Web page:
This post includes reflections on the 2nd day of the Forum, "What is to be done?".
Links to the Reflections for each of the three days of the Forum may be accessed here:
Day 1 "What is the continuing relevance of the U.N. Guiding Principles?";
Day 2 "What is to be Done?";
Day 3: "'Connecting the dots' and 'calls for action: From Estates General to Governance Trade Fair and Back Again.'"
Final Reflections: "Moving Forward to the 7th UN Forum."
To that end, the multi-stakeholder approach to human rights governance produces two distinct trends. The first involves the organization of authority structures among the three principal classes of power holders--states, enterprises and societal forces. The second involves the construction of arrangements--institutional and social-- for power sharing among these three principal classes. Critical to this development is the acceleration of the trends toward the governmentalizaiton of enterprises, the privatization of states (e.g., here, here, and here), and the organization of the masses within and through civil society communities (e.g., here).
All of these actors, intellectual and institutional—our keepers of political, economic, intellectual, cultural and religious order—of which we form a part, have come to see in transnational legal orders, global governance, and global governance networks, both threat and opportunity. Each means to use some variation of an orthodox approach to the transnational or the global to project its power externally and to enhance its authority internally. And all mean to use their power—over ideas or practice—to resist the transformation of known or practiced reality in ways that undermine their place within systems in which they serve as the center. (here, p. 3).The end result is the construction of a system that can make use of traditional methodologies of governance, as well as emerging methods (big data, management, rankings, etc.) for the management of society in this emerging historical stage of human rights based globalized governance orders that respects the forms of old power holders even as it changes their "jurisdictions" and assertions of power. The Forum provides an important site for the development of both and for their deployment to move the project of refraining social organization through a human rights lens.
So, what is to be done? First a set of institutional structures must be developed through which the new human rights centered governance may be implemented. The Forum is itself one such platform for that construction and its work down chains of power and responsibility. Though the Forum bills itself as merely a platform for multi-stakeholder dialogue (e.g., here), it serves a far more important purpose--not dialog but also structure. It provides the space where the organization of authority structures among states, enterprises and social organizations can be developed and its structures refined. Leading states producing governance frameworks within which state power can be asserted in the new human rights centered environment provided both guidance and revealed the structure of authority among states (e.g. Case study: lessons from an NCP case). Leading enterprises produced information about their evolving managerial governance modalities compatible with both the new normative regime and coupled with collaboration with states and social organs (Part 1: Addressing access to remedy in the digital age: Corporate misconduct in sharing and processing personal data; Part 2: The proposal for a ‘Digital Geneva Convention’ – Implications for human rights). Leading enterprises also suggested the ways in which they are driving big data management as a substitute or supplement to traditional regulatory modes (Part 1: Are emerging technology innovations driving better access to remedy in global supply chains?) int tandem with leading elements of civil society (Part 2: Remedy against the machine), in parallel with efforts of some leading states (Human rights due diligence in investment and supply chains of Chinese business). Leading enterprise and civil society organs evidenced collaborative data management to better serve a common population (Part 1: How to integrate voices of the affected communities? Part 2: Settlement agreements and international standards on right to effective remedy). Collaboration in National Action Plans was also taught (Part 3: Multi-stakeholder dialogue – How to make NAPs work in improving access to remedy?).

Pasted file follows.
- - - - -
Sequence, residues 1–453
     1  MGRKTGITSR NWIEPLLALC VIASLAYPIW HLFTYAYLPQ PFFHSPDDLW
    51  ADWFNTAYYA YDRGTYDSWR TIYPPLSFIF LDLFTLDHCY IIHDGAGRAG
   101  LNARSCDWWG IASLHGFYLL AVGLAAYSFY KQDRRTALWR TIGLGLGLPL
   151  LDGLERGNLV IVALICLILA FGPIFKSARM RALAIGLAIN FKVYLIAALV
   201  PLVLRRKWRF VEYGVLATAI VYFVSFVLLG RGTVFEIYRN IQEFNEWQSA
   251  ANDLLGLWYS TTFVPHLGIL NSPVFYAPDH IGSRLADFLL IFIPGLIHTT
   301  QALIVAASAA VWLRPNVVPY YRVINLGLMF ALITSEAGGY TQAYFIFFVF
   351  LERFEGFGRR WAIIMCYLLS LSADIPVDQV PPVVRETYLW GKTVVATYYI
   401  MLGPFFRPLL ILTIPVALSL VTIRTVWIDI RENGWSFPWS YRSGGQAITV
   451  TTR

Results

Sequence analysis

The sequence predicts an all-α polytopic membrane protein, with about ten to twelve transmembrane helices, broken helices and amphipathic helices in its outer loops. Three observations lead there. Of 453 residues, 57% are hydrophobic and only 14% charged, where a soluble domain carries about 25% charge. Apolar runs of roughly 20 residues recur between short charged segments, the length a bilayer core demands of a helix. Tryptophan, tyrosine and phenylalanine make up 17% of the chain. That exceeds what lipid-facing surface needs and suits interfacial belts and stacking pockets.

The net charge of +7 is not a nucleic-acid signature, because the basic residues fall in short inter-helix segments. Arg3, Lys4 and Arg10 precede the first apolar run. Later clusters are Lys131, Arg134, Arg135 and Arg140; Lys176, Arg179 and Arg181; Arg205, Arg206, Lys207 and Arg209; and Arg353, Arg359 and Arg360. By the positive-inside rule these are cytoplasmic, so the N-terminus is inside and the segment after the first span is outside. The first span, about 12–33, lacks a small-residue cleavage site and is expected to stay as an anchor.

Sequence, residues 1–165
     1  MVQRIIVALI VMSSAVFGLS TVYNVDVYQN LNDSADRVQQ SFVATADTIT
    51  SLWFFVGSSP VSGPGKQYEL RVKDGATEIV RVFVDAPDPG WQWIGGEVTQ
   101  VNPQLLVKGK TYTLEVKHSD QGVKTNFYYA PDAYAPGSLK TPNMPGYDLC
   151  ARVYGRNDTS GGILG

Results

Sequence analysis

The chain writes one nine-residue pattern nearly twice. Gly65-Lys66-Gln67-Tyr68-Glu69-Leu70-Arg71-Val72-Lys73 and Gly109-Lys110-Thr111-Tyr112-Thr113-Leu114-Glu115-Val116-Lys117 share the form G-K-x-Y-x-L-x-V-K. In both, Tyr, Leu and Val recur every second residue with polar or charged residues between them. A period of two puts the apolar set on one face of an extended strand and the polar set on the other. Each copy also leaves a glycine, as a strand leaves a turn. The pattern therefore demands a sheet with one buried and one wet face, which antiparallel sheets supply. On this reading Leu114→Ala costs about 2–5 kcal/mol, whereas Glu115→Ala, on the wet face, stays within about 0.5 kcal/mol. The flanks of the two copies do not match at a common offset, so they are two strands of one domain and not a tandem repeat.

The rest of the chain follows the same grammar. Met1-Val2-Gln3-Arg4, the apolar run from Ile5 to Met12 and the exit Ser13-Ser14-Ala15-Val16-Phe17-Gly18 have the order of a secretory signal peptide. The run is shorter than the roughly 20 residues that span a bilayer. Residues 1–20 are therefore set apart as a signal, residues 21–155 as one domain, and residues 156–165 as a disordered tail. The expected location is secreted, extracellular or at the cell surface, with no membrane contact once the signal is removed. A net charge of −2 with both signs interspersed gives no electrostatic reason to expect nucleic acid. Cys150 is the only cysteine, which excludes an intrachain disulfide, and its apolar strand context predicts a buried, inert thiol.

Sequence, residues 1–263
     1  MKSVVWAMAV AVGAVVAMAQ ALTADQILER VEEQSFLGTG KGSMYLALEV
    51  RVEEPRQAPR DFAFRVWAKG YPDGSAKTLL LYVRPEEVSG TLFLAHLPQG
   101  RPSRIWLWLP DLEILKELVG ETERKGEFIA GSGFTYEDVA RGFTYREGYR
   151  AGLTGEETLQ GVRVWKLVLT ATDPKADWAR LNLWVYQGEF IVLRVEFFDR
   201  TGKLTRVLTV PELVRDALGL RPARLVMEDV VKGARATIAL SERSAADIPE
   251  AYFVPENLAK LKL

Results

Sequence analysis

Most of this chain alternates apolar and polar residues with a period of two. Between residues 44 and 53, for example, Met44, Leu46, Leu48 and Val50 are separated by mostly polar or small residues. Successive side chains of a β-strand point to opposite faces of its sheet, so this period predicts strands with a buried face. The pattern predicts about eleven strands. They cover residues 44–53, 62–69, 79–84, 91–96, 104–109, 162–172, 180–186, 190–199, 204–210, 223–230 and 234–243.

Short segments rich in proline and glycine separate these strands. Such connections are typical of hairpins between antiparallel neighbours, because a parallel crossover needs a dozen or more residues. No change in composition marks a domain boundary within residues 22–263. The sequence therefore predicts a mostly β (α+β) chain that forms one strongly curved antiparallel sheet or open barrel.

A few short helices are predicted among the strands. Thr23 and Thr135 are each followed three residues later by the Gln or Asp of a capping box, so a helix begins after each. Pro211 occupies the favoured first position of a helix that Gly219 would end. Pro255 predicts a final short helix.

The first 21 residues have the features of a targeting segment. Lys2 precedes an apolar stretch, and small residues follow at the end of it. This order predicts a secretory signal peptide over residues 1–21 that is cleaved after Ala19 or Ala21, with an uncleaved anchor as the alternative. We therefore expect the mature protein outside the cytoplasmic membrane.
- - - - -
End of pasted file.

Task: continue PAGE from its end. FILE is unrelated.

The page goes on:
Hierarchy was very much in the air--as the communities of enterprises, of states, and of civil society order themselves into vertical status arrangements through which the vanguard of each may take a leading role in developing and imposing their respective roles. That is necessary, of course, to discipline and institutionalize the tripartite arrangement that is human rights based multi-stakeholder governance. Enterprise discipline was discussed (e.g., Part 1: Access to remedy in global governance frameworks: new developments and building further convergence; Part 2: How can MNEs use their leverage to help enable remediation by their business partners?). State discipline was explored as well (Part 1: Increasing the effectiveness of domestic public law regimes; Part 2: The life cycle of a criminal prosecution: Overcoming challenges and increasing accountability for cross-border corporate human rights crimes). Lessons and innovation was provided for regions (Moving forward with NAPs and implementing Pillar III in Southeast Asia; )
So, again what is to be done? As John Ruggie recently noted, what is missing from conventional debates about governance "is a current and systematic political analysis of the multinational enterprise in the context of global governance. Such a portrayal seems essential for providing perspective and guidance to what both voluntarism and binding treaty advocates can hope to achieve, and how. (Ruggie, "Multinationals as Global Institution," p 1). "The Working Group focused on the systemic objectives of the remedial focus of the 2017 Forum.